Protein has gone from a niche bodybuilding supplement to a mainstream obsession – and is now added to a huge range of food and drink products. What led to the sudden growth of this multimillion-dollar industry?
At the Protein Pick and Mix store in Tunbridge Wells, you can have any snack you like, as long as it comes with extra protein. Protein pancakes, protein burger buns, protein muffins, protein nachos, protein croissants. Protein bars, of course, in every conceivable flavour: caramel millionaire’s shortbread, New York cheesecake, mint chocolate chip, double chocolate fudge, lemon drizzle, cinnamon swirl. White chocolate chip cookies that incorporate something called a “high protein lean matrix”.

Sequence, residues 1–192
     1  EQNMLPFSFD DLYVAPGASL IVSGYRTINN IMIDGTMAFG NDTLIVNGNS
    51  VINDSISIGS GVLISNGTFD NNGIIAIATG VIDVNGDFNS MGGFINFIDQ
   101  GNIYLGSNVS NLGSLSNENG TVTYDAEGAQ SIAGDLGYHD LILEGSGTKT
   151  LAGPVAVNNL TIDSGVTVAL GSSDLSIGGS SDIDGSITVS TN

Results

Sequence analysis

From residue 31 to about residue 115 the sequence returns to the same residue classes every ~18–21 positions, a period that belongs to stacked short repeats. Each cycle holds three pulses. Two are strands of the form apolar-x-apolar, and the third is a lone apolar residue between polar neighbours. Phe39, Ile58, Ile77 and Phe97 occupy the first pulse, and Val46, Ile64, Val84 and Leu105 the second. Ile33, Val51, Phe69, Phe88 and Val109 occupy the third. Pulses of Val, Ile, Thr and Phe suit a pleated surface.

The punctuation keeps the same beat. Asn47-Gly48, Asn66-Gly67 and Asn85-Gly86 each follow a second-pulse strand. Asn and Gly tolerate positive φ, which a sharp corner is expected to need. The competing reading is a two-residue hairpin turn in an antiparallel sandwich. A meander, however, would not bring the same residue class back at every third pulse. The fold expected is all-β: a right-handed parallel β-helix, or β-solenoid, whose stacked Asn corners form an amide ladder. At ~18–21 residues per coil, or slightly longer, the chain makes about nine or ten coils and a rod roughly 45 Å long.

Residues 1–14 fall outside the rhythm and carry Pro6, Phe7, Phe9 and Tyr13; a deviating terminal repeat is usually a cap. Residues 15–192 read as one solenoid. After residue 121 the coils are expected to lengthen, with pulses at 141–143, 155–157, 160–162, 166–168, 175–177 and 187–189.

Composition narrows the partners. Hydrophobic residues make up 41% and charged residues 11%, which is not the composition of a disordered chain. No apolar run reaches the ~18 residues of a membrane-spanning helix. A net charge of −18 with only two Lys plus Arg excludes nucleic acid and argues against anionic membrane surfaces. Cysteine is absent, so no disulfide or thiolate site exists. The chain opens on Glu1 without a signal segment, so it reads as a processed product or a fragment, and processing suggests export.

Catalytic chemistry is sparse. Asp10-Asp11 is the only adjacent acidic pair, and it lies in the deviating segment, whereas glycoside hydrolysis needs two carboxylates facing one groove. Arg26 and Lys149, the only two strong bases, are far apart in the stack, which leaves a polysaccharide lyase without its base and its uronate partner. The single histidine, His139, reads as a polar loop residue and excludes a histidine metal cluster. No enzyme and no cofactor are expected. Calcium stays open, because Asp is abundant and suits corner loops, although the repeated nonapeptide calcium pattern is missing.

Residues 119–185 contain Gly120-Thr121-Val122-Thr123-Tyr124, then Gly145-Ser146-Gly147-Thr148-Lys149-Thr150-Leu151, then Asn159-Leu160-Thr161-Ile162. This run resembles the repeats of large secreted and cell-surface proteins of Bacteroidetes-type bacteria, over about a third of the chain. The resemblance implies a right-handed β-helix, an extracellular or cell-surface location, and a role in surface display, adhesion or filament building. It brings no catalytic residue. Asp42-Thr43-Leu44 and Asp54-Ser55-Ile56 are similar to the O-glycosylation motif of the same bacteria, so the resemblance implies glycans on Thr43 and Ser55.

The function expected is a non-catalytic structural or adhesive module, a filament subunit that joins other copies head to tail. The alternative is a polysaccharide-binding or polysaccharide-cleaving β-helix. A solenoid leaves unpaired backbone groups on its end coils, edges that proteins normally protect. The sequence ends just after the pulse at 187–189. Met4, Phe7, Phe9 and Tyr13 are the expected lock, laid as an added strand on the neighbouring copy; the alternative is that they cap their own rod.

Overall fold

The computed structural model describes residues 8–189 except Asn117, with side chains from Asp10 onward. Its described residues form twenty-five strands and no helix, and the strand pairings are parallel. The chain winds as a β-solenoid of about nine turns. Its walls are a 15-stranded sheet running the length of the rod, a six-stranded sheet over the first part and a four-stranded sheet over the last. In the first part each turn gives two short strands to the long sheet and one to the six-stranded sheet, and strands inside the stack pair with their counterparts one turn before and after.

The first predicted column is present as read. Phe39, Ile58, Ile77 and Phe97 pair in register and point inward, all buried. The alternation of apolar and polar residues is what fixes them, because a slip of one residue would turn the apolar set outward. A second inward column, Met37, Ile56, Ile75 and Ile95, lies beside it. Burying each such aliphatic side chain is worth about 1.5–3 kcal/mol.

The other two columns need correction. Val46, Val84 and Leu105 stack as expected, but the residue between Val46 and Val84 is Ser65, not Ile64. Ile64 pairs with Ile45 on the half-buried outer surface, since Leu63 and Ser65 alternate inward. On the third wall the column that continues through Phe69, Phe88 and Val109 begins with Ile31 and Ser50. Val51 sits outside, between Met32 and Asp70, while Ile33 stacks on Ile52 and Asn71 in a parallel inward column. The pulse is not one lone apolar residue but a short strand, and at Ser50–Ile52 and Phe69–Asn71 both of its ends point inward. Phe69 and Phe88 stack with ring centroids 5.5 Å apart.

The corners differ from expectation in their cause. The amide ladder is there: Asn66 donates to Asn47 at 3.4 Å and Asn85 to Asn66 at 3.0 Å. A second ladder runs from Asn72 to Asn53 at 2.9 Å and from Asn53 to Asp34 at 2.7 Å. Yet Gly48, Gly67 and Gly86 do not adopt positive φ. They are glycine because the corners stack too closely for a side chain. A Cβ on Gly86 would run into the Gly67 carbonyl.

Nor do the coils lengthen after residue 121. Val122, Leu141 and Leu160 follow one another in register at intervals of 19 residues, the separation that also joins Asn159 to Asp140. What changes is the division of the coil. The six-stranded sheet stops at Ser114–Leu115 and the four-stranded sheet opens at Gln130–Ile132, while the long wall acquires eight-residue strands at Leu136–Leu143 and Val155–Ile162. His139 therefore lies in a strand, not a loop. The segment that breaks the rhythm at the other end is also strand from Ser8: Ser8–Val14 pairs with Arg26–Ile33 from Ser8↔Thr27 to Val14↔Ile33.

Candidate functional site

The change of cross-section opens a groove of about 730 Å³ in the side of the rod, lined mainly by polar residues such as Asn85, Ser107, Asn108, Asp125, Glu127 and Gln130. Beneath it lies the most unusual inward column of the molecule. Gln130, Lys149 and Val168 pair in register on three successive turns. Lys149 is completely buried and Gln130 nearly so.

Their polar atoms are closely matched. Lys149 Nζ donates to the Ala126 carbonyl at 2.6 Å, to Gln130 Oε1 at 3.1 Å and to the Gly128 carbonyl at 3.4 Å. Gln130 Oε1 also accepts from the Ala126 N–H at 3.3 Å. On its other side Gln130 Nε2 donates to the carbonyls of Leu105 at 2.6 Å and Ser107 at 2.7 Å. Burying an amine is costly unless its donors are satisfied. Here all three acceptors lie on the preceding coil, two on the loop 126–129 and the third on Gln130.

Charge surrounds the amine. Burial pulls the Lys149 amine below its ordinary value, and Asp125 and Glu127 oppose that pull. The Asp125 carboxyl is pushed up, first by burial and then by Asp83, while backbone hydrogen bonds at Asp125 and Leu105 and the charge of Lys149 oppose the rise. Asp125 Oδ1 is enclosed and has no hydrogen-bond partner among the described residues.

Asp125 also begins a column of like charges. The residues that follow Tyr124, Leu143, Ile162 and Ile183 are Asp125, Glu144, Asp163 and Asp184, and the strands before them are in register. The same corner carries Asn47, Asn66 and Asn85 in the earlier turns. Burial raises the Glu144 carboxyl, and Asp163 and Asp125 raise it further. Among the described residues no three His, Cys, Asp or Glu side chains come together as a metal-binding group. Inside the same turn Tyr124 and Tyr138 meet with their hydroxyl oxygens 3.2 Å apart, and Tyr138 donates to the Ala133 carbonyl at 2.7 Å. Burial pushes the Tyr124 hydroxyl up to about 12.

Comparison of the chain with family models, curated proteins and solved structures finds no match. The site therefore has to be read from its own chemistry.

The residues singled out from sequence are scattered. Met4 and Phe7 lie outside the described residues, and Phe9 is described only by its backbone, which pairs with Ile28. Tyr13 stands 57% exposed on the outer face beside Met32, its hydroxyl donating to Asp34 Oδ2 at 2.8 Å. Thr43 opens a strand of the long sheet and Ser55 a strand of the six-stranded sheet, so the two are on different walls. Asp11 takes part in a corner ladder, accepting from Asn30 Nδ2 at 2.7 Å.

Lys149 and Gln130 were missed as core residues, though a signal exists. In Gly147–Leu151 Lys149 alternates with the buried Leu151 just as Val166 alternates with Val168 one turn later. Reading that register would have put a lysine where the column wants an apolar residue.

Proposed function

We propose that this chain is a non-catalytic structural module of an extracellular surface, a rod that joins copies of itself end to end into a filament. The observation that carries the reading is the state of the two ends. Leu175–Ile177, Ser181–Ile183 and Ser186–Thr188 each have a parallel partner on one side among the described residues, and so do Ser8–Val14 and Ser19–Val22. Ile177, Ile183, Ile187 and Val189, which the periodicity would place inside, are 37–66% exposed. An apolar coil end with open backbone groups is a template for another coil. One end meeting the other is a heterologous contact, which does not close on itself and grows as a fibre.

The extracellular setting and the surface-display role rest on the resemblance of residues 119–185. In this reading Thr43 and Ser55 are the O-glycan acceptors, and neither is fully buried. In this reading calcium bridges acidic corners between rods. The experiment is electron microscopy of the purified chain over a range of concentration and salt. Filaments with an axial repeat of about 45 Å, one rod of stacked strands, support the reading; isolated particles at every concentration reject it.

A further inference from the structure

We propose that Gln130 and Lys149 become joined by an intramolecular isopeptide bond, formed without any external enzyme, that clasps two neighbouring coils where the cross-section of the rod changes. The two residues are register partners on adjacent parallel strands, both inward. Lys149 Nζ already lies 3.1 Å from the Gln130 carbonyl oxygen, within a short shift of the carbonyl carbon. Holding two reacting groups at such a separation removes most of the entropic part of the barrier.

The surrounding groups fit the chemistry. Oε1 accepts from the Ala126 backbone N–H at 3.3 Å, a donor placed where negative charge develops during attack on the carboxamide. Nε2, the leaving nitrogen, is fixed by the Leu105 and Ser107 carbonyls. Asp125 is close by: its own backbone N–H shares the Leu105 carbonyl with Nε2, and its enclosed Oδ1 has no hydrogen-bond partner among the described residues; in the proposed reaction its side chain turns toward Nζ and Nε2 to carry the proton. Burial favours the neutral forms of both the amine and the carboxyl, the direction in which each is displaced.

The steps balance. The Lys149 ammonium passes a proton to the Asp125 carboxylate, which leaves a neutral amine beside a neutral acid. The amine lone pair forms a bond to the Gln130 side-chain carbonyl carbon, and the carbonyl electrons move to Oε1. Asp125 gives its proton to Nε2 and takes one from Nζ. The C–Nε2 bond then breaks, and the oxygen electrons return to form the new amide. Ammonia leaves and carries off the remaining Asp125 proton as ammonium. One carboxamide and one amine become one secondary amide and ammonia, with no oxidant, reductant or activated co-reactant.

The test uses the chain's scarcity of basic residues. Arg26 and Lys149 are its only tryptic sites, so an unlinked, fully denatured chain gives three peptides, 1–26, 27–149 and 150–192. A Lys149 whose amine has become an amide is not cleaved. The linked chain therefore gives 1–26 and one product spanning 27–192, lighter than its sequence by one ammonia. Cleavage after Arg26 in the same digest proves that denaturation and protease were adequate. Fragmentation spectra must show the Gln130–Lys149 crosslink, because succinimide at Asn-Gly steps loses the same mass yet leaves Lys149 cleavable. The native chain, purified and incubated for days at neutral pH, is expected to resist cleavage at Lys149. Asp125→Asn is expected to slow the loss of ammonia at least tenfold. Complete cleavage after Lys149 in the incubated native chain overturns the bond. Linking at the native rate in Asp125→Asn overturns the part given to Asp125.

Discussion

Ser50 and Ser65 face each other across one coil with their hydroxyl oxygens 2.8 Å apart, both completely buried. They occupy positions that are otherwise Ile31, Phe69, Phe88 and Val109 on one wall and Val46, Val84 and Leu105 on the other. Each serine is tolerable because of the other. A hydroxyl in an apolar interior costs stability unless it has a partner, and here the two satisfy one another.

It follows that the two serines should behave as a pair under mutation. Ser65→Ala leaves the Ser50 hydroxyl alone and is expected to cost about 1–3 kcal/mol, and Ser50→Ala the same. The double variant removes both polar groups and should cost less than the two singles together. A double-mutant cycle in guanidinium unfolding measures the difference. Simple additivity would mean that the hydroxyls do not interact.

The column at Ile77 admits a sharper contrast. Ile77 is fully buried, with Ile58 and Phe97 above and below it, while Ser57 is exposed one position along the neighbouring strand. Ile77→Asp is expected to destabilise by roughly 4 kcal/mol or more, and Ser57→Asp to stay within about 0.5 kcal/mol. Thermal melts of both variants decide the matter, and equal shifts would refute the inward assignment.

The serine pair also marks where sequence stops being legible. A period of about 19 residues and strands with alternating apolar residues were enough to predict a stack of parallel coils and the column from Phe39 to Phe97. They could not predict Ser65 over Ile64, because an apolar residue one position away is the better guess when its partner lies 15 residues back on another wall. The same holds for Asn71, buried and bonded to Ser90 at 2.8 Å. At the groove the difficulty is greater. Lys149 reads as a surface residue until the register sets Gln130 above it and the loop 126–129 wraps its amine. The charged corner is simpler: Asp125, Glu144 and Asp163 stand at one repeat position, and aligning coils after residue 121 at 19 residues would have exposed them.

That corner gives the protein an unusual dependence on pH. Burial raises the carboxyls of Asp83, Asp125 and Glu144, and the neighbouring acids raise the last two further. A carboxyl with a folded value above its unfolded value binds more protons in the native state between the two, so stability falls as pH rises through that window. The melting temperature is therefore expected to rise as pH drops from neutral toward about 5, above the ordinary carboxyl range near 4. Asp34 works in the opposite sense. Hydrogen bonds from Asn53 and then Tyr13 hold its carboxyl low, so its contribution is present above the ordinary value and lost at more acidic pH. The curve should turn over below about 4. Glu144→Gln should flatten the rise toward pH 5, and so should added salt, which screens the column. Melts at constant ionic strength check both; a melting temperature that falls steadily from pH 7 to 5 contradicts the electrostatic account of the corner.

I am being shown around the store and warehouse by the founder, Anthony Rodgers, 36, who has the well-defined musculature of a man who regularly eats three protein bars a day. He started the business, originally as an online shop, in 2013, after observing the trend for exotically flavoured protein bars in the US. “At the time I was an avid gym-goer,” he says, “and protein bars were just starting to be a little more creative, a little more exciting. People were putting actual effort into the flavours, and it started to transcend the boring, functional: ‘we’re just going to ram some protein in you.’”